You can take a class at MiraCosta College, but, maybe you'd be happier teaching one.
The college, with campuses in Cardiff and Oceanside, offers non-credit courses through its community services department that are taught by individuals with special knowledge, but not necessarily with any special background in education.
These courses are fee-based and self-supporting. The subjects tend to be off-beat and are typically one- or two-day workshops, running from two to eight hours.
The workshops differ from the free classes sponsored by the community education department. Those classes are state-supported, usually run for six weeks and are taught by certified instructors. Courses range from vocational education to childbirth preparation.
The community services department workshops operate on the free-market system.
If there are people willing to teach a workshop and enough people out there willing to pay to take the class, it will be offered. The college does not receive any tax dollars for support of the workshops.
"We have to be completely self-supporting from the fees generated by the interest in the course," said Rachel Sayre of community services.
"People don't teach these courses for the money," Sayre said. "They do it because they want to contribute something to the community, to increase their clientele, or to meet other people, which is fine with us."
The fees and salaries are set by the school board and are non-negotiable. It's a 50-50 split between the school and the instructor, said Sayre. MiraCosta charges $5 an hour, per student for a workshop, and the instructor gets $2.50 of that. The longer classes are set at a rate of $3 an hour.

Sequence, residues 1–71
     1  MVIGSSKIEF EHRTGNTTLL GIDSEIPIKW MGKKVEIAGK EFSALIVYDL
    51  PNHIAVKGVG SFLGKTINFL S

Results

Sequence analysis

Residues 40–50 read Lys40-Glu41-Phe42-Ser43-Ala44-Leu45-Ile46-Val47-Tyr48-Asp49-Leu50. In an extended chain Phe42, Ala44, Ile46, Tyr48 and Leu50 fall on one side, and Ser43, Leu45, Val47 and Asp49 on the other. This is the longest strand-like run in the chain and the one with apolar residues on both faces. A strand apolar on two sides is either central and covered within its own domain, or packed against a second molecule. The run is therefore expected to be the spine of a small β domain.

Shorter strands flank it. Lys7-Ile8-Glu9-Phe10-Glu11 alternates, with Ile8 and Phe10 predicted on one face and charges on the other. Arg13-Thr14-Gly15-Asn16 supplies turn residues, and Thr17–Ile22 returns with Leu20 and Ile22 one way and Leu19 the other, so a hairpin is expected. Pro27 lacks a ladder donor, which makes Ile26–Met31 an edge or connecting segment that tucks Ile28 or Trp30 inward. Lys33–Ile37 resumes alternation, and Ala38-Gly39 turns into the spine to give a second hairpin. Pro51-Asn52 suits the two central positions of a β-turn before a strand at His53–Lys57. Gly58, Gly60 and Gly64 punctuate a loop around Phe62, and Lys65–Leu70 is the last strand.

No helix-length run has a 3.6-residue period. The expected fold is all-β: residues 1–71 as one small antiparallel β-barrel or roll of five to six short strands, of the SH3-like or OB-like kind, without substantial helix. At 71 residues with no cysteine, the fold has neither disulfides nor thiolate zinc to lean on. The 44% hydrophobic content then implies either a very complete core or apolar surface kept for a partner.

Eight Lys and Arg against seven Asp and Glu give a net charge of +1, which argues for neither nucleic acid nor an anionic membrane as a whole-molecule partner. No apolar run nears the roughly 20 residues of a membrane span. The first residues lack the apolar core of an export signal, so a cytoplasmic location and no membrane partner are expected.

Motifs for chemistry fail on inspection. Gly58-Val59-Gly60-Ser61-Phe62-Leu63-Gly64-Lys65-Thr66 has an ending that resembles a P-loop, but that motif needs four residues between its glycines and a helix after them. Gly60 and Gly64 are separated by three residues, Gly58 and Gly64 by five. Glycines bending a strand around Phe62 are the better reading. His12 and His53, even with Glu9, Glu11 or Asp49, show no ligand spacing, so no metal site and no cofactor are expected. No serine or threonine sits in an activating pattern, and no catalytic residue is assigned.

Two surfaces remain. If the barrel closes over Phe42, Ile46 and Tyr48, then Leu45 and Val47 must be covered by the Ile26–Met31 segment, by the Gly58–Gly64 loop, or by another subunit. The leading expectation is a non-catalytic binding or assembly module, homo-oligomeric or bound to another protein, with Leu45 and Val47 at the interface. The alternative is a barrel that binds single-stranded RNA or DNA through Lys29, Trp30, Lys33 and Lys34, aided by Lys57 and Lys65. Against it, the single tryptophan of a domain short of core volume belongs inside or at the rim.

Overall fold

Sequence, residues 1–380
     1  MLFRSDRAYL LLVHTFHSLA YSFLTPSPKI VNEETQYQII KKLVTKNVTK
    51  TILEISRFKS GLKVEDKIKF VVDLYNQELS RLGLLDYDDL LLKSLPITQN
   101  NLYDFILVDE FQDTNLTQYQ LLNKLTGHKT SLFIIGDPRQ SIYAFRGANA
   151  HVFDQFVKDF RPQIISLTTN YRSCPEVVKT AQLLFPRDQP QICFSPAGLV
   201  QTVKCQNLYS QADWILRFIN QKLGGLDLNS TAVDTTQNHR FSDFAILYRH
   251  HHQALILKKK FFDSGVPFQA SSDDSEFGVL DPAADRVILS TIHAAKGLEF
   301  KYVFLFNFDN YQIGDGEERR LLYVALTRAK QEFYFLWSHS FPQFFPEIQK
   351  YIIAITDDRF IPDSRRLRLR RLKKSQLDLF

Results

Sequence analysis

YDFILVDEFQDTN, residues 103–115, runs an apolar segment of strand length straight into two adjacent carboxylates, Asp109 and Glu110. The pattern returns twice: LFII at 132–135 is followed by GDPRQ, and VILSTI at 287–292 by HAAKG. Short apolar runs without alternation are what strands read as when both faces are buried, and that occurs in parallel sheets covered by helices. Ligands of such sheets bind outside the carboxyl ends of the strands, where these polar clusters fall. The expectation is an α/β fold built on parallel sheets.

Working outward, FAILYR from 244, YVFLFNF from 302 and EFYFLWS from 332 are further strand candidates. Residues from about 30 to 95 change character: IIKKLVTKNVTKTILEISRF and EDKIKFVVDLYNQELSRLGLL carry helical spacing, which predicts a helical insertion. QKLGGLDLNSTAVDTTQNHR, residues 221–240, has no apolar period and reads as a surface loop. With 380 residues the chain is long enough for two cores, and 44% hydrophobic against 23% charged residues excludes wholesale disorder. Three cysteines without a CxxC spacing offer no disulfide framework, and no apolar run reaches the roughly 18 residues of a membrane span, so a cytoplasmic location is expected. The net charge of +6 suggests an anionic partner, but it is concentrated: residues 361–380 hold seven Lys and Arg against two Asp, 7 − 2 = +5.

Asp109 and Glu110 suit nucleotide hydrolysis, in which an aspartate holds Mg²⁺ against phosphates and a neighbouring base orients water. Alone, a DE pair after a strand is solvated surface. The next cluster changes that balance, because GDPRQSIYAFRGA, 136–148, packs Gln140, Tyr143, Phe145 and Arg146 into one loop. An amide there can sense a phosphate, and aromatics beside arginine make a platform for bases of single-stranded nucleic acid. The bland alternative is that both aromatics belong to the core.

Courses begin every fall, spring and summer.
The procedure for submitting a workshop idea is fairly simple. Start by picking up a copy of the current summer schedule. That way, you can see what is being offered.
You can get on MiraCosta's fall mailing list by calling or writing the community services department. A packet of information mailed around the last week in August will contain details on the workshop program, a salary schedule and a form in which you can describe your workshop or class proposal.
Once that is filled out, it should be returned to community services for review. If your idea is accepted, you will be contacted for an interview. If all goes well, you will be on your way to teaching a workshop.
Sayre says that right now they are overwhelmed with courses focusing on personal development. "We have way too many offerings in that area and very low enrollments for them," she said. "Such courses are cyclical and tend not to have as much appeal."
On the other hand, Sayre said the college is trying to increase its recreational classes. "We need a ballroom dance instructor and an archery instructor," she said. "Computers are very hot right now, but we have too many instructors for that area as it is."
The most unconventional course Sayre says she ever approved was The Art of Chinese Face Reading, which ended up being very popular. Among the current course topics: learn to type in a day; how to do business in Japan; stand-up comedy; making quilts and using your camcorder.
Address: One Barnard Drive, Oceanside, CA 92056
Calls: 757-2121, Ext. 485.